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The Battle for the West Bank and East Jerusalem

The Battle for the West Bank and East Jerusalem


By Am Johal

Last week marked the one year anniversary of the International Court of Justice decision declaring the construction of the Separation Wall in East Jerusalem and the Occupied Palestinian Territories illegal.

On July 9th of 2004, the Court found that Israel was obligated to stop construction and dismantle the Wall.

It ruled that Israel must "return the land, orchards, olive groves and other immovable property seized from any natural or legal person for purposes of construction of the Wall in the Occupied Palestinian Territories."

It found that Israel's severe restrictions on movement violated both international human rights and humanitarian law.

When completed, the Wall will be 832 km or twice the length of the Green Line. Even with a new Israeli approved route, over 80 percent of the Wall’s route remains inside the Occupied Palestinian Territories.

On March 21st of 2005, Israel approved plans to build 3,500 new housing units between Jerusalem and the settlement of Ma'ale Adumim and Jerusalem.

As the Gaza withdrawal unfolds in the next few months and much is made of Israel's decision to move unilaterally, the spectre of real peace is nowhere on the horizon. Prime Minister Ariel Sharon's successful bullying of the legislative agenda and appeasement of the settlement lobby has been carried through from the beginning as a fait accompli. Sharon has been a master at buying time from the US in order to implement an aggressive settlement policy in East Jerusalem and the West Bank.

Though he has beat back the forces of the far right wing that have been his traditional base of support, he has actively created a situation on the ground under his leadership that is untenable, unsustainable and could very well lead to the kind of international ostracization that will do real damage to Israel in the long term.

Since Arafat's death and the signing of a cease-fire agreement, Mahmoud Abbas has now been vilified by the Israelis as the man who can't be trusted. It doesn't matter who the Palestinians put forward. Added to this is the possibility of Hamas and other Islamic political parties gaining a stronger foothold in upcoming parliamentary elections.

Since Arafat is no longer the Palestinian bogeyman for the West, it will no doubt be someone else.

US President Bush has created a framework under the Roadmap to Peace which has given Sharon the kind of time he needs to develop a new reality on the ground in East Jerusalem and the West Bank. A final status agreement under these circumstances will never be possible.

Under US demands for democracy, transparency and security, they have handcuffed a Palestinian regime under Occupation from having any of the legitimate tools to govern and police their own affairs.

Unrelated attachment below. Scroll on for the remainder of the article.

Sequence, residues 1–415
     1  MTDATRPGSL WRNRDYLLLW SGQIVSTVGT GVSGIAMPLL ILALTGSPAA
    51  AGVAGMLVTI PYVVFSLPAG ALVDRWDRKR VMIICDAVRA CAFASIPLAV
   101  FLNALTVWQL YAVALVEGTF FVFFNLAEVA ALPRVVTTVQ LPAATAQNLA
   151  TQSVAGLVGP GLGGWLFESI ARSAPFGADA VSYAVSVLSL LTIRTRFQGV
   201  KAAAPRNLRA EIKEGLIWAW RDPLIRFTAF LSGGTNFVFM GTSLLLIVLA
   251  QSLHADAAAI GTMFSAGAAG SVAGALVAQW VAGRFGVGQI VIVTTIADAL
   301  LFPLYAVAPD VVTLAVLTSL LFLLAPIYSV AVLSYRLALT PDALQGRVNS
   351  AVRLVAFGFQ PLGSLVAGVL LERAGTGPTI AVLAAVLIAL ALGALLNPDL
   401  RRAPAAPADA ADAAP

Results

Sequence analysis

A weakened Palestinian state with a stalled negotiation process and militants acting outside of state authority has in the Initifada years worked to Israel’s strategic advantage. One need not look any further than the situation in East Jerusalem or the West Bank today to understand this.

The Gaza Withdrawal should hardly be seen as an Israeli gesture for peace – there has been a catastrophe in its wake. Additionally, the application of international law has been impractical, weakly applied and has had little bearing on the outcome in the conflict. It has proven to be an ineffective tool in forcing Israel to comply with its human rights obligations or bringing about an end to the Occupation. Tacit US and European Union support has more often than not bolstered provocative Israeli development policies in the West Bank and East Jerusalem.

When it comes to land confiscation and settlement expansion, Israel has done well under the Second Intifada and the Palestinians are in a diminished position since September 2000. Violence has yet to bring about peace just as a cease-fire has yet to bring about peace.

And so on it goes.

As long as the Israeli mainstream is hopelessly out of touch, smug in its place and extremely gifted at looking the other way, Ariel Sharon will continue to steamroll through his agenda like a school yard bully until a political movement can gain strength and shape a new reality. They have much to gain by shifting from their entrenchment.

Until the Israeli mainstream gets behind ending the Occupation, the maneuvers of diplomacy will merely be photo ops and press statements devoid of meaning. The goal posts will always seem to be shifting.

Nobody should be under any illusions - as long as George W. Bush is President of the US and Ariel Sharon is the Israeli Prime Minister, there will be no lasting peace.

The Palestinians alone will never be in a position to force a lasting deal on peace. The Americans and the Israelis will always have to be dragged there kicking and screaming.

There are still dark days ahead in this conflict.

ENDS


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